Healthcare: New Models of Care
Updated: May 22
The past 12 months have by no means been ordinary for the healthcare innovation ecosystem. Whether it is the jaw-dropping $6.7B that went into startups in Q1 2021, the 8 IPOs of digital health companies in 2020, or the 11 SPAC mergers completed or announced in Q1 2021, it has been a time of many firsts. Care delivery models have consistently been the largest category of venture dollars over the past few years, as described by Deloitte in this report.
One of the main reasons for the large amount of venture funding focused on supporting innovation in care delivery models is that the majority of healthcare remains episodic and is delivered in a high cost, acute care setting within the four walls of a hospital, whereas in reality most of it should be preventative, personalized, and delivered in a place and manner that meets the consumer where they are. All while lowering costs and improving outcomes.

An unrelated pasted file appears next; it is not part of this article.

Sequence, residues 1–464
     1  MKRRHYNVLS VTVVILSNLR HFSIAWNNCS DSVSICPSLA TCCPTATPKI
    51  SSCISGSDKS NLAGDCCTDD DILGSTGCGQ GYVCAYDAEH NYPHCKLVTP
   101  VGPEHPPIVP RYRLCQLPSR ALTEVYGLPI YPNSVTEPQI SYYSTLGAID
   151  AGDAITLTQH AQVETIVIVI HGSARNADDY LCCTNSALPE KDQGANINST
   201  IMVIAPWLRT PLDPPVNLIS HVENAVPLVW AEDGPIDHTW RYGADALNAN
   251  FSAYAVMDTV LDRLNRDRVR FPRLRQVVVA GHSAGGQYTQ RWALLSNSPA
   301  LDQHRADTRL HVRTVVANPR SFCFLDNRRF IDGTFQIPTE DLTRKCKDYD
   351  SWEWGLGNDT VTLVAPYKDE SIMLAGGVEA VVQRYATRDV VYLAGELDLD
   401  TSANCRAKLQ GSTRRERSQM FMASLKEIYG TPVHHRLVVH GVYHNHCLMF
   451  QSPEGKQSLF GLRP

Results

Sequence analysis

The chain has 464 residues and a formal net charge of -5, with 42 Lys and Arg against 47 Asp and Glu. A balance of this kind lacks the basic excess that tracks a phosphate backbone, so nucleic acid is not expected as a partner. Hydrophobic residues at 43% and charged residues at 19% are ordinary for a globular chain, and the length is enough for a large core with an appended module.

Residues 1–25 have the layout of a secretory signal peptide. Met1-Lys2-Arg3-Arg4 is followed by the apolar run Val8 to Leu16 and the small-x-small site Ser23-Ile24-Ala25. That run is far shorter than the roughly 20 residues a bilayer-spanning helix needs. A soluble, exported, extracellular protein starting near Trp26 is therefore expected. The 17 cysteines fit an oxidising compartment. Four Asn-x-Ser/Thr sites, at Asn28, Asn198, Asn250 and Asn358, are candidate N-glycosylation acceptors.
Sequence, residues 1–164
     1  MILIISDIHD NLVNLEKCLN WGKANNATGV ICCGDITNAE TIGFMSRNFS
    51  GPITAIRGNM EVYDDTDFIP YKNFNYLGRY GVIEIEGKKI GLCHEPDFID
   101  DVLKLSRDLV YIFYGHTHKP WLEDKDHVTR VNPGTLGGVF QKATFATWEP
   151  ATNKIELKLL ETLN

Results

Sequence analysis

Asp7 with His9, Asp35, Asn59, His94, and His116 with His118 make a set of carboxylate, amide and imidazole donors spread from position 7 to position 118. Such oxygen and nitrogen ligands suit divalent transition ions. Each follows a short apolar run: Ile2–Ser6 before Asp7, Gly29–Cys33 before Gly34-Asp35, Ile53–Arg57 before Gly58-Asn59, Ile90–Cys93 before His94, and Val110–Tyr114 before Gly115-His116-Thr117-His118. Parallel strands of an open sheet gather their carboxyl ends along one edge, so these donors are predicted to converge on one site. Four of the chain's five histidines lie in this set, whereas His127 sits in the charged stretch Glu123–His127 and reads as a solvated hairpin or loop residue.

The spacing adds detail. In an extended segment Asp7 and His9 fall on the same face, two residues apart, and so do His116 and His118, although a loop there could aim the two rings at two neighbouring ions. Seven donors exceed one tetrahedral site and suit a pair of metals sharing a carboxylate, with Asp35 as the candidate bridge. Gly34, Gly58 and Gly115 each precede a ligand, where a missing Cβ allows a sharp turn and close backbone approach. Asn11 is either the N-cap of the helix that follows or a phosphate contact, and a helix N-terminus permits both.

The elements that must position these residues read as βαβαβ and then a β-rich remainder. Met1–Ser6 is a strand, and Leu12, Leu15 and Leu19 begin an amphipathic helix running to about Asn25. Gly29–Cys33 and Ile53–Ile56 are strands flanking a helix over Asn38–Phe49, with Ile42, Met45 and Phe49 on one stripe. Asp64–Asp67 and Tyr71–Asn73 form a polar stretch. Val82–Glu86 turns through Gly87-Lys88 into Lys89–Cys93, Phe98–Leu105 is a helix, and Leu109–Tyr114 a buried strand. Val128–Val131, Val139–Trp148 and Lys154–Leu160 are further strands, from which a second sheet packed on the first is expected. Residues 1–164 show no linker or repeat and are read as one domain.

The past decade has seen significant innovation in new primary and urgent care models with a wave of tech-enabled startups that have focused on delivering a superior patient experience while improving cost and outcomes. Companies like One Medical, Carbon Health, and Forward are primarily focused on consumers and self-insured employers, while others like Oak Street Health, Iora Health, and ChenMed have focused on delivering value-based care for Medicare and commercial health plans. In addition, while telemedicine companies like Teladoc, MDLive, and Doctor on Demand have pioneered a virtual-first approach to care, others like Livongo, Omada Health, and Hinge Health have demonstrated the value of prevention and disease management focused models.